In any event, once you get past the terms and conditions, they make you read the Member Rules. This includes information on how to stay active and the payout structure. Once you agree to that, you have to read and digitally sign the Non Compete Agreement which is very strict but most ticket brokers use it as well. Once you agree to all of that, they have you take a speed and accuracy typing test and clicking speed test. If you have ever use Ticketmaster know they don’t give you much time to type all your credit card information in, so they have to be sure you can do that and get that silly captcha typed in right the first time.
 
After you've finished this grueling process, you are then notified by email if you are accepted or rejected. Sometimes it is pretty quick, other times it might take a while if you hit a day many people try to sign up.
 
So reading this sign up process you may be thinking you’re signing for a mortgage or something. I think it’s a bit tedious as well. But I know from experience with some people that comment on this blog that reading is a lost art. This can lead to a lot of issues for job seekers and the company’s that hire them. So this stringent sign up process weeds out those type of people. Furthermore, you can earn some decent money with this opportunity so what’s a little reading and jumping through some small hoops? By the way unlike most terms and conditions, agreements, etc., the material on their site is actually easy to read, with bulleted points, and not very long.
 

How do you know what Ticket Puller jobs are available?

 
Assuming you’ve passed the intensive requirements and sign up process, you just log in and find the job listings and sign-up for jobs. They call their jobs a “pull” as you are pulling in tickets from Ticketmaster for their clients. You are expected to complete 90% of all the “pulling” sessions you sign up for. You are not expected to sign up for everything available. 2 out of 10 of what they have available is all the required.  However, if you sign up for ten sessions, you have to do 9 of them, so don’t go signing up for sessions unless you know for sure you will be free to do them.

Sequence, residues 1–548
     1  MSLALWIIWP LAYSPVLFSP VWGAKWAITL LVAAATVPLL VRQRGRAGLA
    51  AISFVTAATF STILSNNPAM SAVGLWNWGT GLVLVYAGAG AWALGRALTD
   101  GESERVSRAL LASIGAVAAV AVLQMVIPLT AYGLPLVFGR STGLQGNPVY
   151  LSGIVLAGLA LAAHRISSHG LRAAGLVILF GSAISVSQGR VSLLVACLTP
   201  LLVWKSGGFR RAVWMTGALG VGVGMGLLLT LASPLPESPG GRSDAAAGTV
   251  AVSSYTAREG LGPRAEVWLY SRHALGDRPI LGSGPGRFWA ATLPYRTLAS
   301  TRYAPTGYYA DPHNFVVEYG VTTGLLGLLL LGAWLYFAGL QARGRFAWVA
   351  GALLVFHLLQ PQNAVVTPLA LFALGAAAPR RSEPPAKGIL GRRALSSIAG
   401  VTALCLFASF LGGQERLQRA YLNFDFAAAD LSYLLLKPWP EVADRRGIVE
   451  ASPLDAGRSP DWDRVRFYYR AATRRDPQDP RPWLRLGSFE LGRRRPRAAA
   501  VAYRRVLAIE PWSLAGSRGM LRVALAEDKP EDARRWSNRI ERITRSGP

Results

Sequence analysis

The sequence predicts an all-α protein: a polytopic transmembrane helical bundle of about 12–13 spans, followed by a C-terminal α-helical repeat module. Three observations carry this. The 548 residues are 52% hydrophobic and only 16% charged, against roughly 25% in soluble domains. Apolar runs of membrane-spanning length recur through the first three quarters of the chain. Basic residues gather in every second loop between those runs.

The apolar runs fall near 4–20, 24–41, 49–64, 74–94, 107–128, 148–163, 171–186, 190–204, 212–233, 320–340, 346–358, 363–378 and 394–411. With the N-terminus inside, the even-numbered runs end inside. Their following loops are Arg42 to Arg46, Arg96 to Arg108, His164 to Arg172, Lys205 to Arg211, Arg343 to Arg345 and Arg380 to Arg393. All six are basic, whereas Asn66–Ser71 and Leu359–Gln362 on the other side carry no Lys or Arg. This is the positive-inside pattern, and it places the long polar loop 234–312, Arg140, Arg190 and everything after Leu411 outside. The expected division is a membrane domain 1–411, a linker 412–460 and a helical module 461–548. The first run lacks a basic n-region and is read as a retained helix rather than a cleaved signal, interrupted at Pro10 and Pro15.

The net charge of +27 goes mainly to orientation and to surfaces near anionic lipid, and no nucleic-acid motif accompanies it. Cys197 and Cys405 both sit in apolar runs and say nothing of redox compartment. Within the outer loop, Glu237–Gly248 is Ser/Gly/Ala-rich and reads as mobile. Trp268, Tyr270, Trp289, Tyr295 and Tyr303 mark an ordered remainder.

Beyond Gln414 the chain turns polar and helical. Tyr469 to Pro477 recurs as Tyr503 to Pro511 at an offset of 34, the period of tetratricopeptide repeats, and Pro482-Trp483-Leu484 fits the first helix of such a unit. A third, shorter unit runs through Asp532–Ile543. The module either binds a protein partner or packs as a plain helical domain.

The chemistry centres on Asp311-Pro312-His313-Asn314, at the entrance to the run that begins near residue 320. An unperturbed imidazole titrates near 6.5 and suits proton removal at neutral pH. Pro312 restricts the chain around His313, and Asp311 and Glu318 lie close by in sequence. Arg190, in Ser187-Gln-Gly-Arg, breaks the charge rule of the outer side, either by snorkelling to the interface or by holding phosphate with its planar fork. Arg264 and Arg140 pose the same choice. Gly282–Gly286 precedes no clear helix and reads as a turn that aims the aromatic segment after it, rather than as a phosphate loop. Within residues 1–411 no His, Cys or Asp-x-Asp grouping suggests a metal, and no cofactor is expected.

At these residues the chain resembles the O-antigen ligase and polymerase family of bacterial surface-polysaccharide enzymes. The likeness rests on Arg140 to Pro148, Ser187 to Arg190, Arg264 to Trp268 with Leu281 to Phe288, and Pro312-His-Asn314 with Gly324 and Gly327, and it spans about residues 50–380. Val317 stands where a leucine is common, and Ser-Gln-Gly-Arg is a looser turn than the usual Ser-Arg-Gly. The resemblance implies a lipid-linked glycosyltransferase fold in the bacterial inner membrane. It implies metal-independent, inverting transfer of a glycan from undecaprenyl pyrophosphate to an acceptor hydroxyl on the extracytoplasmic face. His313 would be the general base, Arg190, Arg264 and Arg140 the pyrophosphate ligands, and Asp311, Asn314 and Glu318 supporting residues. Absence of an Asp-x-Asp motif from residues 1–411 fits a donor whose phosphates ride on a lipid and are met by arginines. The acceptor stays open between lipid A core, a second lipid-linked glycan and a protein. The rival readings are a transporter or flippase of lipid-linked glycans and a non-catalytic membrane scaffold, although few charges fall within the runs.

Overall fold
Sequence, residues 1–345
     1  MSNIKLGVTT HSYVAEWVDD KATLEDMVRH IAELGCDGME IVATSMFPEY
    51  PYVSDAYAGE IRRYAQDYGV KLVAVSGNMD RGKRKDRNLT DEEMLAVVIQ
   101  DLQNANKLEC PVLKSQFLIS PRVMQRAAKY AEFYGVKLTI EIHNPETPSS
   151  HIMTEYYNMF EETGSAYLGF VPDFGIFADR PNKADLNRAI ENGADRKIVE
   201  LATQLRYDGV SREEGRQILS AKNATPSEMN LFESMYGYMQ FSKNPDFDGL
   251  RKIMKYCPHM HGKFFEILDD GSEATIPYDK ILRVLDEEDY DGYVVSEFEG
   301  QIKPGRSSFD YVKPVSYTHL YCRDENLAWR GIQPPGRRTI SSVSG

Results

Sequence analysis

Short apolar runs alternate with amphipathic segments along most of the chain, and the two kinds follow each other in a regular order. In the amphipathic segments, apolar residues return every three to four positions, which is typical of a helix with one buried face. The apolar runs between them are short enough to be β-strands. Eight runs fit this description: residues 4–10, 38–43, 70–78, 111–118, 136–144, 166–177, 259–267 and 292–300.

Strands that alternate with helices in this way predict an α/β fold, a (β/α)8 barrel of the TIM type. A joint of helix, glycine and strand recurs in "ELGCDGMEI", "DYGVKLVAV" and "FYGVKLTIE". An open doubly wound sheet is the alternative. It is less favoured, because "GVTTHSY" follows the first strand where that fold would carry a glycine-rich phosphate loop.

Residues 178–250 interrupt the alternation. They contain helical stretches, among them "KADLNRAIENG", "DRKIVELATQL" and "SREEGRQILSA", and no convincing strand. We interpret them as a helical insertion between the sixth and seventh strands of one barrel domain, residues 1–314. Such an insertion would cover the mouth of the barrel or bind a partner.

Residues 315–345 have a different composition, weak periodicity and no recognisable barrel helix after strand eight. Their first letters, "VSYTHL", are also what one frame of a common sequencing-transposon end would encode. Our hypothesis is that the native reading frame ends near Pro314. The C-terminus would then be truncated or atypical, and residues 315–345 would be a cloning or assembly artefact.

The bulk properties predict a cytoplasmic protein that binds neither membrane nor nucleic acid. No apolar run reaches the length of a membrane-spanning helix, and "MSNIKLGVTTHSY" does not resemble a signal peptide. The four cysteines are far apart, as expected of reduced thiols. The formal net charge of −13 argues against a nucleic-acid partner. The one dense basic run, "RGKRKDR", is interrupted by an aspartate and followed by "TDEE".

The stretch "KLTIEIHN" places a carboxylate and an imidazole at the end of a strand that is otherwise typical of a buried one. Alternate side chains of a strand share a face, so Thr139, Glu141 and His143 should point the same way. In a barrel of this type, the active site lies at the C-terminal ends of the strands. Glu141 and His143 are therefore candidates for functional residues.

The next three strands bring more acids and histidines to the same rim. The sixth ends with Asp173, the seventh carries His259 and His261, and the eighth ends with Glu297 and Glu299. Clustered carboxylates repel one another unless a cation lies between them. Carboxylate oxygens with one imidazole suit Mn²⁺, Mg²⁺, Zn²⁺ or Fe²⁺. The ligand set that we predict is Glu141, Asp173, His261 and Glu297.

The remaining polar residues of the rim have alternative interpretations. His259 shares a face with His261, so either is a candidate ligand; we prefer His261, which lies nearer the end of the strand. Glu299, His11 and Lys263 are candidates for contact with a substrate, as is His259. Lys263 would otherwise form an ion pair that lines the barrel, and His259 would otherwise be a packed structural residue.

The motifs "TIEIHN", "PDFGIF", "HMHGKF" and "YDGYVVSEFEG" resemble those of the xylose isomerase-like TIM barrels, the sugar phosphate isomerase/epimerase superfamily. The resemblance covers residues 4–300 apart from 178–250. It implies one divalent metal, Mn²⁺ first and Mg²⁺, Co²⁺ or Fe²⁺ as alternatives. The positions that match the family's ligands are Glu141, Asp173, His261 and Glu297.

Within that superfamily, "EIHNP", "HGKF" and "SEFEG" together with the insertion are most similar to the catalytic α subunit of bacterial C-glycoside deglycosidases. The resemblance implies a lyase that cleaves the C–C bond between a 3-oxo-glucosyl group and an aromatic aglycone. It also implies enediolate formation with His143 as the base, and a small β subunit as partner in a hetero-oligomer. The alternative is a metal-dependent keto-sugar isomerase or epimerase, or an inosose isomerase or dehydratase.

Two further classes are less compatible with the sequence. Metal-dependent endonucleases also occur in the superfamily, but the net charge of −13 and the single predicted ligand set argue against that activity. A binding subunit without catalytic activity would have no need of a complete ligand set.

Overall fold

How do you get paid?

 
You get paid 5% of the wholesale price of the ticket that you are able to get, based on the requirements in the order. Obviously the higher the ticket price, the more you earn.  Each sporting or music event is considered a session that you can participate in. The max you can earn per session is $50.   Realistically, within one 15 minute session, the average is more like $20-$30 per session. 
 
They will pay you via Pay Pal (my favorite) within 48 hours of your account being credited and you have a minimum of $50 in it. However, you can request a payment with less than $50 but they charge you $2 to do it.  Usually I would balk at a $50 threshold. But this opportunity pays you a lot more per task than some of my favorite recommendations. Thus achieving the threshold in a reasonable amount of time is significantly more feasible. So keep that in mind. 
 
Now here is something to be aware of. It will take a week for you account to be credited, they have to do that because they have to give the clients an opportunity to cancel a purchase. Like I said when we started, tickets are a highly competitive business. So who knows how much wheeling and dealing goes on with all the buying and selling?  If you made a “pull” and the client you pulled for returns the ticket, you are out of luck and yes that sucks. But it is like losing a commission on anything that the customer has a right to return and comes with the territory for certain businesses.  Just another thing to keep in mind and might be a con. 
 

Can I earn more if I refer friends?

 
Yes, but they only tell you how and how much once you are approved. I would bet it is a fee per referral system and not a matrix thing.
 

Is this opportunity International?